Boston Red Sox

Boston Red Sox

Saturday, June 23, 2007


What to make of Daisuke Matsuzaka?

With a record of 9-5, and at least two starts remaining before the All-Star break, Matsuzaka could be halfway to 20 wins by the start of the second half.

Considering that there wasn’t a single 20-game winner in the majors last season, such an achievement for a first-year pitcher would be quite remarkable.

With his win against the Padres, in which he allowed just one run, Matsuzaka’s ERA dropped to 4.01.

Though he allowed just the single run over six innings, Matsuzka didn’t make it easy on himself. Granting the Padres five walks and five hits, the 26-year-old allowed 10 Padres’ hitters to reach base. And he threw 126 pitches in those six innings of work. When you throw that many pitches in so few innings, that’s just what it is – work.

It’s a troubling habit that Matsuzaka has gotten himself into, throwing an average of 110 pitches per start. That’s not economical and not good for one’s longevity.

But then there were the nine strike outs, adding to his season total of 102, third best in the American League.

Matsuzaka has gotten a decision in 14 of his 15 starts. And he’s a workhorse; his 98.2 innings leads the Red Sox rotation, and are 15 more than Josh Beckett and 24 more than Julian Tavarez. Barring injury, Matsuzaka will certainly give the Red Sox 200-plus this season.

Dice-K is nothing if not a series of contrasts as a pitcher. With 102 strike outs and just 93 hits in his 98.2 innings, Matsuzaka has revealed himself to be a front end starter and a challenge to opposing hitters.

But if you include the 35 walks he’s issued to those batters, Matsuzaka has allowed a staggering 128 base runners. With that in mind, it’s amazing that a lot more of them haven’t scored. It makes you wonder just how low his ERA would be if not for all the walks. And by the way, Tim Wakefield -- not exactly a master of control or location with his ‘throw it toward the plate and see where it lands’ knuckleball -- has just one more walk this season than his Japanese teammate. Add to that the fact that Matsuzaka has also hit more batters (6) than any of rotation mates, and it’s just another indication that his control has been problematic.

But none of that has stopped Matsuzka-san from winning. Sure, it helps playing on a balanced team with a solid, reliable bullpen. But, for a pitcher so new to the big leagues, he has showed plenty of grit and determination. Three A.L. pitchers have 10 wins (Beckett, Lackey and Sabathia), while Matsuzaka and Dan Haren both have nine. And Matsuzaka is the only rookie of the bunch.

But a pitcher’s win/loss record can be deceiving. Does that apply to Dice-K?

Consider this; on five occasions Matsuzaka has gone at least six innings, but his offense scored no more than one run while he was in the game. In his five losses, the Red Sox scored a total of six runs, or 1.2 per game.

On the other hand, in his nine wins, the Red Sox scored an average of 7.11 runs per game. And in his lone no-decision, the Sox scored eight runs. Apparently, it’s feast or famine for this guy.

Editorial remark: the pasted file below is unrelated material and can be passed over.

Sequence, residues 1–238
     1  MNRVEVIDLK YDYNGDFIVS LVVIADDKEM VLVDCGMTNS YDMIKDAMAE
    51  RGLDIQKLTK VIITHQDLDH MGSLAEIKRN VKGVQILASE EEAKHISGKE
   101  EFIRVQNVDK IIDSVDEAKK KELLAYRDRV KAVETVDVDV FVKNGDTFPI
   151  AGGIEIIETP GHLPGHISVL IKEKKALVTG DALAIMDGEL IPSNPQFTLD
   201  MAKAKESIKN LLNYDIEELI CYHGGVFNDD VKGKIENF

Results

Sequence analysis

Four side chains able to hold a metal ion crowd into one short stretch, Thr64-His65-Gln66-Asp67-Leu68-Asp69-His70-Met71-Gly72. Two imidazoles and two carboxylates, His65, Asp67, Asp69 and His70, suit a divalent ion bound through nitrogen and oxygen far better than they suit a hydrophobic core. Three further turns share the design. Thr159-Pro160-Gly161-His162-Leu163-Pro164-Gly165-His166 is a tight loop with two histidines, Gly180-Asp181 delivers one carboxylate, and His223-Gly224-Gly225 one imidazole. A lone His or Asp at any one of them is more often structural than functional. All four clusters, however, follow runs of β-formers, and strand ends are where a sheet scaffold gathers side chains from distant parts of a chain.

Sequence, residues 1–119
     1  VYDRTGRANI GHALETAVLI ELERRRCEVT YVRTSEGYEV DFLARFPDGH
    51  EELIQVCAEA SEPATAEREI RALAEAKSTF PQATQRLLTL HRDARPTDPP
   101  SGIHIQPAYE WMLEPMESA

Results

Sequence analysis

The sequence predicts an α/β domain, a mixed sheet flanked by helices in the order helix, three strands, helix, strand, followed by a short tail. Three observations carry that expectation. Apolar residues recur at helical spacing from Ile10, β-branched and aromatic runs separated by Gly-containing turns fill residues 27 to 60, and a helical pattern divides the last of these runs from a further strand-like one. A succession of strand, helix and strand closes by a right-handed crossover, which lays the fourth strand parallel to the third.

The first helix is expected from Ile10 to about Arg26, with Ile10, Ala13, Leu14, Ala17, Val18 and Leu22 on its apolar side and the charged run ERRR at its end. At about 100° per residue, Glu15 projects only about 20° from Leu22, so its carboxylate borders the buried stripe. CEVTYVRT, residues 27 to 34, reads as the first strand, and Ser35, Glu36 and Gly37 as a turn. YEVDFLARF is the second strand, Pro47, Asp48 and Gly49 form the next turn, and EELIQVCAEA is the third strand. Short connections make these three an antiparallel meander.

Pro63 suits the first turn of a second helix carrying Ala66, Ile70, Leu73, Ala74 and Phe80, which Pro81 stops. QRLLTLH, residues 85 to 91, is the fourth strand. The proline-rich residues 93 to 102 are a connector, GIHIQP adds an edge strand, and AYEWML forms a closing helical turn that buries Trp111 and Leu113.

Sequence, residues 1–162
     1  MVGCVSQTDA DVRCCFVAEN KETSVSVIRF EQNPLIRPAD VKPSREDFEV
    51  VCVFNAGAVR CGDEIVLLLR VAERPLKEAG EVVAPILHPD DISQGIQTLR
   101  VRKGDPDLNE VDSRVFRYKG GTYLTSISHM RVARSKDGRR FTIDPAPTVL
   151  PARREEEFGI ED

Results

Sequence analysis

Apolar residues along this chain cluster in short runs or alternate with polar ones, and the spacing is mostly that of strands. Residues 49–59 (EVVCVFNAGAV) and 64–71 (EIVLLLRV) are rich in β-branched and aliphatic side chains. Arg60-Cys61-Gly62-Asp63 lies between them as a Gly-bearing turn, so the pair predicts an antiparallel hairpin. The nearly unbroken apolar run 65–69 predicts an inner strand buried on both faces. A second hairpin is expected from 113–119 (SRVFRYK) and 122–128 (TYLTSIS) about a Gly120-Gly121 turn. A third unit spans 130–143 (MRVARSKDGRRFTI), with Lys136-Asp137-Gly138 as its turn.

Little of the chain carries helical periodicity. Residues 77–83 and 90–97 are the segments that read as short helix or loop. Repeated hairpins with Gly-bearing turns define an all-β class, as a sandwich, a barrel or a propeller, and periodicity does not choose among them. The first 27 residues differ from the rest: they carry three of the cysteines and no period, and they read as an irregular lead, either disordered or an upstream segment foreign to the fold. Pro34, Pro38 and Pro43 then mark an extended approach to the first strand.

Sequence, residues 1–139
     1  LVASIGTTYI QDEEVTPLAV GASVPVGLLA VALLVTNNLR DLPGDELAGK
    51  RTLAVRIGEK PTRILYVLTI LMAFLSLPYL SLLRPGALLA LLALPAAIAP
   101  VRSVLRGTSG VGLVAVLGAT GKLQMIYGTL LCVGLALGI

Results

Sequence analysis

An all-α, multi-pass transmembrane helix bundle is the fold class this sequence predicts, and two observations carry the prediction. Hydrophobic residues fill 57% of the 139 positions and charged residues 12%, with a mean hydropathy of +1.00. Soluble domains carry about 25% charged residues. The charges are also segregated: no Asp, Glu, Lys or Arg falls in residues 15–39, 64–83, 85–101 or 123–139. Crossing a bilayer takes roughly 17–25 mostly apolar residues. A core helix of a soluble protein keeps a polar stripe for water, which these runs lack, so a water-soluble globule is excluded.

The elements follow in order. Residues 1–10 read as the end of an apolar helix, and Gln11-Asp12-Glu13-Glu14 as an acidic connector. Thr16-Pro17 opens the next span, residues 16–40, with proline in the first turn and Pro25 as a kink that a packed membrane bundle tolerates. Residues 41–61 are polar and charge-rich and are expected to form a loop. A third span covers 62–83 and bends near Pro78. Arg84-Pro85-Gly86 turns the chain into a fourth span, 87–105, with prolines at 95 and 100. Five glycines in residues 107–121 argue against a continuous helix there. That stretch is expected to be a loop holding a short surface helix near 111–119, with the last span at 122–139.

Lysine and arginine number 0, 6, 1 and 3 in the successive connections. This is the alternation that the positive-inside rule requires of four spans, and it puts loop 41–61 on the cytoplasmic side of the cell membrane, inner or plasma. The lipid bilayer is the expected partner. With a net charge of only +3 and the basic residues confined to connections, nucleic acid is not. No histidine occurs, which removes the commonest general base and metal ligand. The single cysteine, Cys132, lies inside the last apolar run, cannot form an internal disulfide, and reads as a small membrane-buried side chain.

Crunch the numbers and you see that Dice-K is a study in contrasts. In some regards, he stacks up quite nicely against his A.L. peers: second in wins (9); third in strike outs (102); and 9th in innings. But in others, he doesn’t fare nearly as well: 10th most walks; 21st in ERA; 22nd in WHIP; and only 14 pitchers have allowed more earned runs.

Opponents are batting .246 against Dice-K, 18th in the A.L. That may seem pretty good until you realize that the Red Sox fifth starter, Julian Tavarez, is 20th at .252. Perhaps that just speaks well of the surprising Tavarez.

Ultimately, Matsuzaka plays for a team with the best winning percentage in baseball, which benefits him greatly. But then again, having him on the staff has benefited the Red Sox as well. Matsuzaka is an innings eater who doesn’t put pressure on the bullpen when he pitches. And he strikes out batters at the stunning clip of 9.3 per 9 innings, fourth best in the A.L.

However, his 319 OBA (on-base percentage against), tied for 23rd, will need to come down for him to remain successful. A pitcher cannot allow so many base runners without it eventually coming back to haunt him. Sooner or later that luck will run out. Matsuzaka’s 1.30 WHIP is another reflection of this problem. He’s been whistling through the grave yard and getting himself out of jams, but he’s also melted down in at least one inning in almost every start.

It all comes down to location and control for Dice-K. He needs to become more economical with his pitch counts and throw more strikes. If he gets those issues sorted out, he’ll be even more successful and continue to frustrate and humble opposing hitters. If he does, the Red Sox will be even more successful as well. Imagine that.

Copyright © 2007 Sean M. Kennedy. All rights reserved. This material may not be published, broadcast, rewritten, or redistributed without the author's consent.

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